24.08.2012 § 1 Comment
Sofia’s Slaveykov Square, named after father-son poet duo Petko and Pencho Slaveykov, is a bustling marketplace for one of the most coveted and important commodities in the nation: books. As a small country with a significant contribution to world literacy, reading and books have always been prized very highly in Bulgaria. The years of the Socialist boom were also the heyday of publishing, with hundreds of Bulgarian authors being printed alongside translations of world classics. Many of these books, often produced in hardcover and printed to last, have been resurfacing in used book stalls alongside new books and editions. « Read the rest of this entry »
03.08.2012 § 2 Comments
I’m posting this as a teaser of the epic travel post about a 7-day hike in the Rhodopes I will write after visiting various places considered holy by the Thracians and the Christians in Bulgaria’s most expansive mountain.
The Rhodopes are unique and incredible. Unlike Stara Planina, which is thought of as a line to cross, or Rila, which is a towering giant to conquer, the Rhodopes are long and wide, creating gorge after gorge and ridge after ridge. With tiny villages, green pastures, cool spring water bubbling through caves and sanctuaries, the birthplace of Spartacus and land of Orpheus offers an immersive, serene, surreal experience.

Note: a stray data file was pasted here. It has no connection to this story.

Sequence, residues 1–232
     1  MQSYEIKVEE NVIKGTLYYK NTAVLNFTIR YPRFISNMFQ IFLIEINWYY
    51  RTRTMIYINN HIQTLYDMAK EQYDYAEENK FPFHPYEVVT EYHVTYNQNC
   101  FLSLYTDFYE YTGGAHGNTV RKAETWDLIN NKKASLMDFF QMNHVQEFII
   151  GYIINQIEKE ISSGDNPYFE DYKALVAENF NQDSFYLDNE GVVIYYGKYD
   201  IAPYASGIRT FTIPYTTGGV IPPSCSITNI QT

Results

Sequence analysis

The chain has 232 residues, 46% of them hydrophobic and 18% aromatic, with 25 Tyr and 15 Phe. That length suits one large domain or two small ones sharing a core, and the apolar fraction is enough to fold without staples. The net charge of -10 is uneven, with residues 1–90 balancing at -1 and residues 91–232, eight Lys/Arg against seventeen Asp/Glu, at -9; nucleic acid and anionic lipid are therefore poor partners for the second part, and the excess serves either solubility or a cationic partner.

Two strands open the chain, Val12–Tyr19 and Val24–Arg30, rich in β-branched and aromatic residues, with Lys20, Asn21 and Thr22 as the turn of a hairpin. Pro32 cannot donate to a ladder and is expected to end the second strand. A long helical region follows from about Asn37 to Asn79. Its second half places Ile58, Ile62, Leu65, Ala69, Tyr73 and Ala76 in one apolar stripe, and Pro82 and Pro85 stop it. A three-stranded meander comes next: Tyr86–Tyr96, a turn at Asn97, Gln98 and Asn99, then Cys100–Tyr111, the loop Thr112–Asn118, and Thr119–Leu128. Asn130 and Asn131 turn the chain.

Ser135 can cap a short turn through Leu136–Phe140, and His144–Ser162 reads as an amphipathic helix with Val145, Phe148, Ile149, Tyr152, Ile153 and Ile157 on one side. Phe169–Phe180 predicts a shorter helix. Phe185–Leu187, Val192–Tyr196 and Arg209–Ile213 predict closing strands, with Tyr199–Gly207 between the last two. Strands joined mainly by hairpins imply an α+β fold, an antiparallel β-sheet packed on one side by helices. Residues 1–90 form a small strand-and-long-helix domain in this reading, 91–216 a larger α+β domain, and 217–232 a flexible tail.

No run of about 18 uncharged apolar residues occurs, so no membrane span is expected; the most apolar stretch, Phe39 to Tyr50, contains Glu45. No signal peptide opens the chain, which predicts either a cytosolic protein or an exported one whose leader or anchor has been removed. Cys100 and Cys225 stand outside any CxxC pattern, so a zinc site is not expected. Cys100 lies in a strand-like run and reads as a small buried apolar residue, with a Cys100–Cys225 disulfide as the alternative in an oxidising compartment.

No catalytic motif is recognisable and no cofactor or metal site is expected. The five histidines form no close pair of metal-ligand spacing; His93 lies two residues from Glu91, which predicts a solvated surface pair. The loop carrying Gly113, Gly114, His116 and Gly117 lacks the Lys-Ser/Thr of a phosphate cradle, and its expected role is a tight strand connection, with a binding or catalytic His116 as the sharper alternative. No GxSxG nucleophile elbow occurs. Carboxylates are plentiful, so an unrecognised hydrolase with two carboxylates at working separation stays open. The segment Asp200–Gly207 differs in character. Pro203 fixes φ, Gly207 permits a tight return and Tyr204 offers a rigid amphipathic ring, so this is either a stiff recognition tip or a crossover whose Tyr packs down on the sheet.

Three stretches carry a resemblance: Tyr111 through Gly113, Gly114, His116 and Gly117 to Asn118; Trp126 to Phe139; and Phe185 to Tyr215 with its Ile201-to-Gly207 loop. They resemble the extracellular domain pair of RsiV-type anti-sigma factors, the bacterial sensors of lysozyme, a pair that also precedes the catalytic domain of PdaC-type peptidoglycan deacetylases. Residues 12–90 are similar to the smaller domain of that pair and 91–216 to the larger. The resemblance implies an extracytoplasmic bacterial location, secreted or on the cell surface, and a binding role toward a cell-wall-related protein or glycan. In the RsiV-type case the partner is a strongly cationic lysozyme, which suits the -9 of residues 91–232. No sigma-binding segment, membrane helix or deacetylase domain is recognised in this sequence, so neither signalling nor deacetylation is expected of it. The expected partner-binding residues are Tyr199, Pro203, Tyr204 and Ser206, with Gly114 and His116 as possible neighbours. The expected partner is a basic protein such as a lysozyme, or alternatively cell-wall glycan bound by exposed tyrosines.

02.08.2012 § Leave a comment
The days from August 1 to 12th are celebrated in the Bulgarian Orthodox calendar as the days of the Holy Maccabean martyrs – a woman, her seven sons and their teacher, who were all martyred in the 2nd century BC.
According to tradition, each of the Maccabean days corresponds to a month of the year, with August 1 being September, August 2 – October and so on. Legend has it that the weather on that day will predict whether its corresponding month will be mild or harsh for the crops.